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In his slave narrative, William Wells Brown assailed the prevailing notion of his time that slaves lacked legal or historical selfhood. His autobiography asserts that he has an autonomous identity.


Brown was born to a black slave mother and a white slaveholding father. He grew up near St. Louis, Mo., where he served various masters, including the abolitionist Elijah P. Lovejoy. Brown escaped in 1834 and adopted the name of a Quaker, Wells Brown, who aided him when he was a runaway. He settled in the Great Lakes region before moving to the Boston area. In 1847 his popular autobiography Narrative of William W. Brown, a Fugitive Slave was published. Its highly dramatic content is set forth in a remarkably detached style. Having educated himself, Brown began lecturing on abolitionism and temperance reform. His antislavery lectures in Europe inspired Three Years in Europe (1852), which was expanded as The American Fugitive in Europe (1855).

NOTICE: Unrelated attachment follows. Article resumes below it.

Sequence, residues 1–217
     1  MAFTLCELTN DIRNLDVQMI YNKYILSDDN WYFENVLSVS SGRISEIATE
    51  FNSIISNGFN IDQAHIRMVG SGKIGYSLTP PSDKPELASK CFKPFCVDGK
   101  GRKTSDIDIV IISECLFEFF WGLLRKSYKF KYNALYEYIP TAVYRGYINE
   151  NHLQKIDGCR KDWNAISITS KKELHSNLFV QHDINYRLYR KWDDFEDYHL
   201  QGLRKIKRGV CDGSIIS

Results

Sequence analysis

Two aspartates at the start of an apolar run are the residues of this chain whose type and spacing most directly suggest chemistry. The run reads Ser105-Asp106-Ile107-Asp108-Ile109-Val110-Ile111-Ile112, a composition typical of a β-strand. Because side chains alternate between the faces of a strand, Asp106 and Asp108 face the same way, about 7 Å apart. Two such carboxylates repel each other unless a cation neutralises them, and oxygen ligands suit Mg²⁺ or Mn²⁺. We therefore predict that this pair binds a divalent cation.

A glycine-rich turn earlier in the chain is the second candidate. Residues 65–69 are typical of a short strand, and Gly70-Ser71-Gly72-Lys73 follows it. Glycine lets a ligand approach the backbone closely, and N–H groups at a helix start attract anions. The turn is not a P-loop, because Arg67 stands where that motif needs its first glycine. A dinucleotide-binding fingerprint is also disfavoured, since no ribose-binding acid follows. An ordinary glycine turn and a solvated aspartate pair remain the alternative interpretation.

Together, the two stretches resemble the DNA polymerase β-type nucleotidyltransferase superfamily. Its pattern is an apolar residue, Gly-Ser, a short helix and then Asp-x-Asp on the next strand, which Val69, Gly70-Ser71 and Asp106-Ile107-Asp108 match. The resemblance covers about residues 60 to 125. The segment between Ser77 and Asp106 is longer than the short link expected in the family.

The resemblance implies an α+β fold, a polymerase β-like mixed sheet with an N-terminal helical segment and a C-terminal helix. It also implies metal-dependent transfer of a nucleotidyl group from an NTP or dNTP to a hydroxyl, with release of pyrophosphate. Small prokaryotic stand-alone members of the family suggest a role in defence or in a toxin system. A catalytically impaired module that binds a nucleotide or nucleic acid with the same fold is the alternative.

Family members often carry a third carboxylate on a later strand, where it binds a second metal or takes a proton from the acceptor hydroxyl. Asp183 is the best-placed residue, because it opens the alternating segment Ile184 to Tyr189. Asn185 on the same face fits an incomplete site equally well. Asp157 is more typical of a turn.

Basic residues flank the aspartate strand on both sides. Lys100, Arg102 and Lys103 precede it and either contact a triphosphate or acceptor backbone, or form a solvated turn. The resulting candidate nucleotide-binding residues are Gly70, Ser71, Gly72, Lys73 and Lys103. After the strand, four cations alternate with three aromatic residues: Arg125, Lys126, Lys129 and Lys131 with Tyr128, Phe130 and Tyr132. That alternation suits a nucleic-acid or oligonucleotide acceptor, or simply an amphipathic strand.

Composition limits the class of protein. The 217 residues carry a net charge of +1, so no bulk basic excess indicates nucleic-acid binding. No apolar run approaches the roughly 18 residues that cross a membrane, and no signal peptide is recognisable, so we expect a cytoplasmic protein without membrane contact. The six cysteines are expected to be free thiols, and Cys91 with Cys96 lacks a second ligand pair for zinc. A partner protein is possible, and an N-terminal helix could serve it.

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  • William Wells Brown

  • ePub and Mobi files included

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